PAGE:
To evaluate the performance of C-arm computed tomography (CT)–guided chemoembolization in patients with hepatocellular carcinoma (HCC) with serum α-fetoprotein (AFP) level > 20 ng/mL but with no overt tumor on CT and/or magnetic resonance imaging. From May 2010 to May 2017, 34 patients with HCC (25 men and 9 women; mean age, 59.7 y) who had elevated serum AFP levels (> 20 ng/mL) but no overt tumor on 6-mo imaging studies and had shown complete response (CR) after previous chemoembolization underwent C-arm CT–guided conventional chemoembolization. Three radiologists retrospectively reviewed the imaging studies (preprocedural images, C-arm CT scans, and follow-up images) in consensus, and clinical data including AFP levels were retrospectively obtained. Tumor detection by C-arm CT and treatment response after chemoembolization were assessed. HCC was imaged at the time of chemoembolization in 24 of 34 patients (70.6%). C-arm CT detected tumors in 25 patients (73.5%); 23 detections were true positives, 2 were false positives, and 1 was a false negative (diaphragm metastasis). Among the 23 patients with true-positive results, the first follow-up enhanced imaging studies showed CR (n = 17), partial response (n = 1), progressive disease (n = 4), and indeterminate status (n = 1; treated by percutaneous ethanol injection). C-arm CT–guided chemoembolization may help to detect and treat recurrent tumors in patients who have shown CR after previous chemoembolization but subsequently, during follow-up surveillance, had serum AFP levels > 20 ng/mL without an overt tumor evident on imaging studies.
Curative therapies for hepatocellular carcinoma (HCC), such as resection, liver transplantation, and percutaneous ablation, can be applied in selected patients with early tumors; this includes approximately 30%–40% of all cases. More advanced stages require local or systemic therapies. Data on the efficacy of these treatments are derived from small randomized controlled trials (RCT) and meta-analysis. Chemoembolization, a technique combining intra-arterial chemotherapy and selected ischemia, has produced modest survival advantages in 2 RCTs and a meta-analysis, and is currently the mainstay of treatment for these stages. The ideal candidates for this option are patients with well-preserved liver function (Child-Pugh class A) and multinodular asymptomatic tumors without vascular invasion, who constitute less than 15% of the HCC population. In these cases, the benefits derived by achieving objective responses (30%–50% of cases) are not offset by the deterioration of the liver function. Treatment-related mortality is less than 4%. No survival advantages have yet been shown with embolization or intra-arterial chemotherapy alone. Further RCTs are needed to assess the best chemotherapeutic agent and the ideal retreatment schedule. The analysis of efficacy in these trials should be adjusted for prognostic factors, such as the presence of symptoms, Child-Pugh class, and segmental vascular invasion.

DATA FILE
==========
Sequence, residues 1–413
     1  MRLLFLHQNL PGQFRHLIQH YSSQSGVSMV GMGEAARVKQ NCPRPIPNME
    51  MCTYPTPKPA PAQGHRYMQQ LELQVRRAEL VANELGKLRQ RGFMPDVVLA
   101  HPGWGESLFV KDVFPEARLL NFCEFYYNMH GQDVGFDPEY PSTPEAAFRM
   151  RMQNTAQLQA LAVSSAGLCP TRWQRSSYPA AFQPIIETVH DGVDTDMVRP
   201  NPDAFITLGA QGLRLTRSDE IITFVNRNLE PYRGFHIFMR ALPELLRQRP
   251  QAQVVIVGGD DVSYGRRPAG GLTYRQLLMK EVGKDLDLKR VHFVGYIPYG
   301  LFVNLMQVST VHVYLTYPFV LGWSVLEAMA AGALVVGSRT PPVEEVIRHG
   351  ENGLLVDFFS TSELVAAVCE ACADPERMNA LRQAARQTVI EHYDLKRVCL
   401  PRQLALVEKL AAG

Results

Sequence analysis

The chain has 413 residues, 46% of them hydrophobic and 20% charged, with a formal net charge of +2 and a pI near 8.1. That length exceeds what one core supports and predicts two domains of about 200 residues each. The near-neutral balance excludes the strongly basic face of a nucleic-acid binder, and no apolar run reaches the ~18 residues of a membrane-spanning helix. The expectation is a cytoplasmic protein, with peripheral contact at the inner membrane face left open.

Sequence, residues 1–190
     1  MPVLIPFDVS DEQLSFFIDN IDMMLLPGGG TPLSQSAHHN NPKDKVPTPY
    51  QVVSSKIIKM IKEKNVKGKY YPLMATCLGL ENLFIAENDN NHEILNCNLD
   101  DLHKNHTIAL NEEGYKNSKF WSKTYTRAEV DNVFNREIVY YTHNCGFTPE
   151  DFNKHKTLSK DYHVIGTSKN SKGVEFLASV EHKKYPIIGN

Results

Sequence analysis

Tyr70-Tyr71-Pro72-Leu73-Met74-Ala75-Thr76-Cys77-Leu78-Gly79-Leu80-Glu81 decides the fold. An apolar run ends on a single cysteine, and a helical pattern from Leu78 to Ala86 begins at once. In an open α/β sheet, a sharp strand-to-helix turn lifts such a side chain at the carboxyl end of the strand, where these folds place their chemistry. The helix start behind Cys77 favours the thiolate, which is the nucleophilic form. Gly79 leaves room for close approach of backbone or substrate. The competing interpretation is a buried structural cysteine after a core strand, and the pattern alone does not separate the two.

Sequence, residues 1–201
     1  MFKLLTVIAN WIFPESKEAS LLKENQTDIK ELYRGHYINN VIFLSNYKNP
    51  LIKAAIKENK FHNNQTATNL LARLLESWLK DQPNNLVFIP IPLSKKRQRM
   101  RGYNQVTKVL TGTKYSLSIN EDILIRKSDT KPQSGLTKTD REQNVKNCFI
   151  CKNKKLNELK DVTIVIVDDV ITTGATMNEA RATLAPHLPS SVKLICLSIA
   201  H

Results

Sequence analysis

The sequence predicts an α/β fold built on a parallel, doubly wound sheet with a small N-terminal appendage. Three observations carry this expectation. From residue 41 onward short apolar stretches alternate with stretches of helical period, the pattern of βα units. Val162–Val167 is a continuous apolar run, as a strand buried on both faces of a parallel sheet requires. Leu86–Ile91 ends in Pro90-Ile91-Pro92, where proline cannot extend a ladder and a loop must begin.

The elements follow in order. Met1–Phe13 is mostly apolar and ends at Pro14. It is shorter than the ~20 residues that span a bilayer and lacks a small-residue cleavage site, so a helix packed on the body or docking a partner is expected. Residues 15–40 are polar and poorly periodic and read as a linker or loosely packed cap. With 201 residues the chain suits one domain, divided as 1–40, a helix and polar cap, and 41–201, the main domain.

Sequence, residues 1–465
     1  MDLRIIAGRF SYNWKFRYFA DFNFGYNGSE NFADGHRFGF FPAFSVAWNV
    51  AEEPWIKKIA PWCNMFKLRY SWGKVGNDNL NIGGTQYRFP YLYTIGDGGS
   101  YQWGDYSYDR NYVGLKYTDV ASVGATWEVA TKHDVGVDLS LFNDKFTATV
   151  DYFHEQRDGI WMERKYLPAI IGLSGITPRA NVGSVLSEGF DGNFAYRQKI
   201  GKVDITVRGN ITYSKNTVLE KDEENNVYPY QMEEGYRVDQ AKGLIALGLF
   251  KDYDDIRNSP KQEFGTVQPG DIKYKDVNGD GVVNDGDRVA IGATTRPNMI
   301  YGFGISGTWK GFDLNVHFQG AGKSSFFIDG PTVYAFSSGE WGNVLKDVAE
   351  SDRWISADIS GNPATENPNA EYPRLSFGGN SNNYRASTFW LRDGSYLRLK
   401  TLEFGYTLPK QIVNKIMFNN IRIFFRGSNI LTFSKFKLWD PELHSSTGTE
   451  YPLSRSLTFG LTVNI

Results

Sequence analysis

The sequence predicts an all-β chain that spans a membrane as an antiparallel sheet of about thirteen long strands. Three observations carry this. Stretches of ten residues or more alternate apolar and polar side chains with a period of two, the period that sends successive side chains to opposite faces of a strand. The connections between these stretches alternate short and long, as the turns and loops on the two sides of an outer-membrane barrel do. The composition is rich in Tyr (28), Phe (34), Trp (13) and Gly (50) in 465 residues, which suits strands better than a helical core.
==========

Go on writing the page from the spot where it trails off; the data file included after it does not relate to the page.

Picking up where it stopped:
Purpose: To determine the safety and efficacy of transarterial chemoembolization (TACE) combined with sorafenib (hereafter, TACE-sorafenib) in patients with hepatocellular carcinoma (HCC) and portal vein tumor thrombus (PVTT). Materials and Methods: This study was approved by the institutional review board, and the requirement for informed consent was waived. The medical records of consecutive patients with HCC and PVTT who underwent TACE-sorafenib or TACE alone from January 2010 to December 2012 were retrospectively evaluated. Sorafenib (400 mg) was administered twice daily. Outcomes of patients who underwent TACE-sorafenib were compared with outcomes of patients who underwent TACE by using the Kaplan-Meier method according to types of PVTT: PVTT in the main portal vein (type A), PVTT in the first-order portal vein branch (type B), and PVTT in second-or lower-order portal vein branches (type C). Results: Ninety-one patients were included in the analysis; 46 patients underwent TACE-sorafenib and 45 underwent TACE. TACE-sorafenib showed significant survival benefits compared with TACE in patients with type B (median survival, 13 months vs 6 months; P = .002) or type C (median survival, 15 months vs 10 months; P = .003) PVTT. TACE-sorafenib and main PVTT were the independent prognostic factors for survival at uni- and multivariate analysis. Liver function after TACE-sorafenib worsened only in patients with main PVTT. Sorafenib-related adverse events of grade 3 or higher occurred in 16 patients (35%). Conclusion: TACE-sorafenib side effects were acceptable, and this treatment may improve overall survival in patients with HCC with first-order or lower-branch PVTT when compared with patients who underwent TACE alone.